Very few people actually advocate teaching such strict Creationism in public schools—let alone in science classes. There are some scientists actively working on defending literal interpretations of the Bible. In 2007, a New York Times article featured a controversy over Marcus Ross, who was being awarded a PhD in paleontology by the University of Rhode Island. While Ross’s research at Rhode Island was strictly in line with evolutionary theory, it was well known that he personally held Creationist beliefs and intended to pursue such research after graduation. Ross now teaches at Liberty University, a conservative Christian college. But, while Ross is a Creationist, he readily admits the scientific evidence for Creationism is still small; but, he believes there is a growing number of scientists studying the topic and the field is ripe for development.

While there is a clear and meaningful distinction between Creationism and Intelligent Design, neither should be taught in public schools at this time. People can debate whether Intelligent Design truly meets the definition, but the fact remains that the concept is in early stages of research. Secondary school science classes, for good reason, teach the basic and most well established concepts of science. There are many cutting-edge research areas in biology, such as systems biology and astrobiology, and these fields are not addressed in public schools. Intelligent Design, at best, fits into the category of emerging science fields that students can study after they understand the foundational concepts taught in public secondary schools.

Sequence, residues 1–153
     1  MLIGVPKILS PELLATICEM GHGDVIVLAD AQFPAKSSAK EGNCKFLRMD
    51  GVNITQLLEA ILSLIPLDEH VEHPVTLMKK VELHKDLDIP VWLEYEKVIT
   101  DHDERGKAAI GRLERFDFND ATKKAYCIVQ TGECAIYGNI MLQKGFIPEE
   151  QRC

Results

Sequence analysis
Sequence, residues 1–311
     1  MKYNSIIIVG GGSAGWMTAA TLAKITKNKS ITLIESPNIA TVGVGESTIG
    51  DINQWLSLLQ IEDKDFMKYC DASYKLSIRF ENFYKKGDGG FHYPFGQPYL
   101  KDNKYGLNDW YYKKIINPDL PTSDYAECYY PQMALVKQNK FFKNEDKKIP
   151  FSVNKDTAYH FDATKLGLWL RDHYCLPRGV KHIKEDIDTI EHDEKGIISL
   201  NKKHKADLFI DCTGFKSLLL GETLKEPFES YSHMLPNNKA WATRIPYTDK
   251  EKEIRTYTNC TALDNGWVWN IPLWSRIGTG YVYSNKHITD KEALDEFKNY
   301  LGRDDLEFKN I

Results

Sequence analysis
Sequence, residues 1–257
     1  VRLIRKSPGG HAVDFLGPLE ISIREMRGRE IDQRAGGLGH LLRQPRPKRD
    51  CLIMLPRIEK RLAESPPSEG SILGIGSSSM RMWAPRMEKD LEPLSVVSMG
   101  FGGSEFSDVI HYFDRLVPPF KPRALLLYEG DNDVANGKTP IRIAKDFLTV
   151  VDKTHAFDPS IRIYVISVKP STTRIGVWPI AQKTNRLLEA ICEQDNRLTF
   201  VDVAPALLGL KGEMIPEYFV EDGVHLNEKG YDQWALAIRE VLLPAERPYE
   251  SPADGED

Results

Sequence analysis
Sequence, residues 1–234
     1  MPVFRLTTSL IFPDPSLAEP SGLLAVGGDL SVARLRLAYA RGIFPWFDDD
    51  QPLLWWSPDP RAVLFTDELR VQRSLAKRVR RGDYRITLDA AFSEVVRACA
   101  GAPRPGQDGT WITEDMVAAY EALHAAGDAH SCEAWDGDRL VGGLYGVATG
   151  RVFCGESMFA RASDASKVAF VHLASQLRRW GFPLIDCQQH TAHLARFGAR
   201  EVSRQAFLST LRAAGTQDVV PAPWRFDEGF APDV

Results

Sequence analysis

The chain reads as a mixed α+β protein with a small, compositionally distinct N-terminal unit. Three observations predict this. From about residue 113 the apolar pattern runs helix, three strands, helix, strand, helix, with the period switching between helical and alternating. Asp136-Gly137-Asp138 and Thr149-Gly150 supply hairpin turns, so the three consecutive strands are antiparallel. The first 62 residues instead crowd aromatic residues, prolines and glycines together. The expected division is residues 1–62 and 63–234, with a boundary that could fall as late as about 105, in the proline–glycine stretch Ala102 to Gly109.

Tell us Your Queries, Suggestions and Feedback

Your email address will not be published.

35 Responses to Should Creationism be Taught in Public Schools?